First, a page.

“Brian and Rosa Quinn for ‘Villa Mont Clare’, a Grade 1 listed home in Smith’s Parish. ‘Villa Mont Clare’ was built in 1812 but extensively enhanced over the years, with a front porch added around 1900. With the help of architects David and Georgia Benevides, the Quinns have lovingly restored the house, which was in a state of decay when they acquired it.  The front porch has been brought back to its former glory and the inside has been tastefully restored using reclaimed wood for the floors. A new staircase of reclaimed wood connects the kitchen with the basement den.

“The Friends of St Peter’s Church and craftsman Robert Powell for the careful conservation and restoration of the windows, shutters and exterior doors of historic St Peter’s Church in St George’s.  The Friends of St Peter’s contracted with craftsman Robert Powell to rebuild all the outside shutters and window frames of the church. Mr. Powell had to remove layers of paint, sand down the blinds and replace broken slats. He reused as much original wood as possible and re-assembled the blinds in the traditional fashion with wooden dowels, not nails.  Recently, Mr. Powell has refinished the cedar front doors of the Church which look fantastic.  The end result is a real enhancement to this very important old building in the World Heritage Site.

“Richard and Lindsay Butterfield, and builder Travis Lewis for their restoration of Grade 2 listed ‘Durham’ in Pembroke. This lovely Greek Revival house was built between 1891-2. It had several extensions added on the eastern side in the 1970s, which the Butterfields removed and replaced with a two-storey addition more in keeping with the Greek Revival style. The kitchen was moved to the back of the house giving access to a new swimming pool area, overlooking Soncy Bay.  The changes have restored elegance to this historic building.

“The top award in the built heritage conservation category – The Clipper Award – went to James and Vanessa Peniston and builder Travis Lewis, for the renovation of ‘Weber’ in Pembroke. Dating to 1899, ‘Weber’ is a substantial two-storey house which has the traditional features of its period with a smooth gable roof, a large wooden verandah with several tall columns, and a bay window. Around World War 2, the house was divided into several apartments and rented, and an external staircase was built on the side for access to the upper apartment. The Penistons have restored the house as a single family home and removed the outside staircase. They saved what they could on the inside, including doors and brass fittings and salvaged as much of the original wood as possible on the outside, replicating the unique wooden porch posts where necessary. On the upper level, they reopened an outside porch that had been enclosed. Their care and the building expertise of Travis Lewis brought this lovely house back to its former glory.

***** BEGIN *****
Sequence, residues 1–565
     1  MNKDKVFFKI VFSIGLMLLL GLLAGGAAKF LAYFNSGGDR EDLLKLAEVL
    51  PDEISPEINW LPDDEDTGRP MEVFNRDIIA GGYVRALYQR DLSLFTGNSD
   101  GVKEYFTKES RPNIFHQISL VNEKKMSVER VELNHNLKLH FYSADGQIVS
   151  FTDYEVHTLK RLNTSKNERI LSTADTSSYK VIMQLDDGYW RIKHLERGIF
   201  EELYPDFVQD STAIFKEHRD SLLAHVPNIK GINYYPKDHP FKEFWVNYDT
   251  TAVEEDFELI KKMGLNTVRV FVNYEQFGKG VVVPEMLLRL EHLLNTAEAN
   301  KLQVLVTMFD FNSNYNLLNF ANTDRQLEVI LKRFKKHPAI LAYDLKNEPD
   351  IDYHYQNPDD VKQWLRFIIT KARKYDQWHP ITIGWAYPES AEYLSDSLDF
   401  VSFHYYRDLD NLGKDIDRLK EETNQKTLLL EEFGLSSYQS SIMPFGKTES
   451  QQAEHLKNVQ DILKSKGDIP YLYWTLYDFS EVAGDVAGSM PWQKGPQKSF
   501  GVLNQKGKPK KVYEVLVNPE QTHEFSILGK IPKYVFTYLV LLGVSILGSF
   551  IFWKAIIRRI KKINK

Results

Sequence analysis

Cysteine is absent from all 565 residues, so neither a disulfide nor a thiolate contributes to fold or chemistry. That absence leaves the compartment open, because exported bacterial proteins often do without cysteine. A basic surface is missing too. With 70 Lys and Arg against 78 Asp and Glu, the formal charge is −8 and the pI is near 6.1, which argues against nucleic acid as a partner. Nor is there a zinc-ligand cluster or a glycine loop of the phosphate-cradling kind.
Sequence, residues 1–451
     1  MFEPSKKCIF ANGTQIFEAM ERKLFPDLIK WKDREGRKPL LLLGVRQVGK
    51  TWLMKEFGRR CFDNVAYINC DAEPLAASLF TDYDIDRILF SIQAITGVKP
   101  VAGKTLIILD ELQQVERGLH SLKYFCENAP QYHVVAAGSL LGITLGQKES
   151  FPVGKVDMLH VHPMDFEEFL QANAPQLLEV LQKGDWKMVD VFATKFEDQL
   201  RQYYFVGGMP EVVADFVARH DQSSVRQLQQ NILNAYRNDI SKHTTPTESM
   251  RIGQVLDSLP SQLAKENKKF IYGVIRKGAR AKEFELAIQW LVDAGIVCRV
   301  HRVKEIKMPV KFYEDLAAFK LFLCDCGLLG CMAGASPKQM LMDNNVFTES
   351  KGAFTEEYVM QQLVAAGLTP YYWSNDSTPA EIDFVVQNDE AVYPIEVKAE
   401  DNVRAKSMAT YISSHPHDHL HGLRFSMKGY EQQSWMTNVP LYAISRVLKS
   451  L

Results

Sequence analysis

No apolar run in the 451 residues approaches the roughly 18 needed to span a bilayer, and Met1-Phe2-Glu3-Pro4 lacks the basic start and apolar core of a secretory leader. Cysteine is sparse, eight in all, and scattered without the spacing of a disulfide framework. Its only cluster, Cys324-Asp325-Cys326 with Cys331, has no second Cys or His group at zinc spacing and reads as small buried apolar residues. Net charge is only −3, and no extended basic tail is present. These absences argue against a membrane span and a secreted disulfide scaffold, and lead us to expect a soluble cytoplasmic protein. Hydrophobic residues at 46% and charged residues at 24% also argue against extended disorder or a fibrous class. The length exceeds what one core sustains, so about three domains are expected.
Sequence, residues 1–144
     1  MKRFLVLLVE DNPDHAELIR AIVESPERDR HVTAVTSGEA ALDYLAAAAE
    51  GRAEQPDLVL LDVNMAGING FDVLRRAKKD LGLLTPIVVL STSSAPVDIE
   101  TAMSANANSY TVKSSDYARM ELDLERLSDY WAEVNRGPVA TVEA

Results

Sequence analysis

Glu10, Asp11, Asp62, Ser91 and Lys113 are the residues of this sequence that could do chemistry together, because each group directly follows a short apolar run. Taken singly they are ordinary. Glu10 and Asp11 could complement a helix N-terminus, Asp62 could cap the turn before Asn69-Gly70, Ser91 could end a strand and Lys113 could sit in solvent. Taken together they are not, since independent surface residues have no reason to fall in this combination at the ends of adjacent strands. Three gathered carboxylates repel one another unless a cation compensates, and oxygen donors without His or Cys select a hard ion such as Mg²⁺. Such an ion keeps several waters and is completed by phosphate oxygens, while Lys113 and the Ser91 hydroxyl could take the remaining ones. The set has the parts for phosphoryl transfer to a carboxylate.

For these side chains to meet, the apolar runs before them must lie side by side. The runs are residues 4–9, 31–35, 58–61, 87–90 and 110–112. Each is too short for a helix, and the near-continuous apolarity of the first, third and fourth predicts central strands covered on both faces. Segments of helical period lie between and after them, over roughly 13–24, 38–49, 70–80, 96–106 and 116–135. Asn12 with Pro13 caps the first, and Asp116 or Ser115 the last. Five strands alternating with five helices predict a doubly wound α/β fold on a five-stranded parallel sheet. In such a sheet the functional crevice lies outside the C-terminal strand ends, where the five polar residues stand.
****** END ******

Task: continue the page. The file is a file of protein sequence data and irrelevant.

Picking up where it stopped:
Cultural Heritage Awards

“Dale Butler for creating and providing community access to Rosalie Gardens. Dale has created a real natural and cultural heritage oasis in honour of his mother Rosalie at his property 35 Angle Street in North Hamilton. The beautiful gardens are filled with flowers and tributes to Bermudians who have made their mark in a variety of fields. He invites in the community to enjoy the gardens and music by local musicians. To quote one of the many people who nominated Dale: “Mr Butler has created a masterpiece museum in his back yard, honoring what feels like hundreds of Bermudians that impacted our island. He does this from his heart, and seeing his work brings hope of preserving culture.”

“Cheryl Hayward-Chew for services to the World Heritage Site. Cheryl is the former Chair of the World Heritage Site Management Committee, a voluntary role to which she devoted many hundreds of hours of her time, particularly overseeing the coordination of the last review of the Bermuda World Heritage Site Management Plan. Some achievements are visible and some like this cannot be seen, but are none-the-less very important. Bermuda owes Cheryl a debt of gratitude for her service to the World Heritage Site.

“Otto Trott, for documenting Bermuda’s cultural heritage through his art. Otto Trott records the Bermuda around him, from people to places and buildings and even special occasions such as the Peppercorn Ceremony in St George’s.  Through his work he is leaving a wonderful legacy for future generations. For example, the Mary Prince site of Watlington House at Oceanview Golf Course is one of many historic buildings he has painted, and the record is especially precious since the building was demolished earlier this year.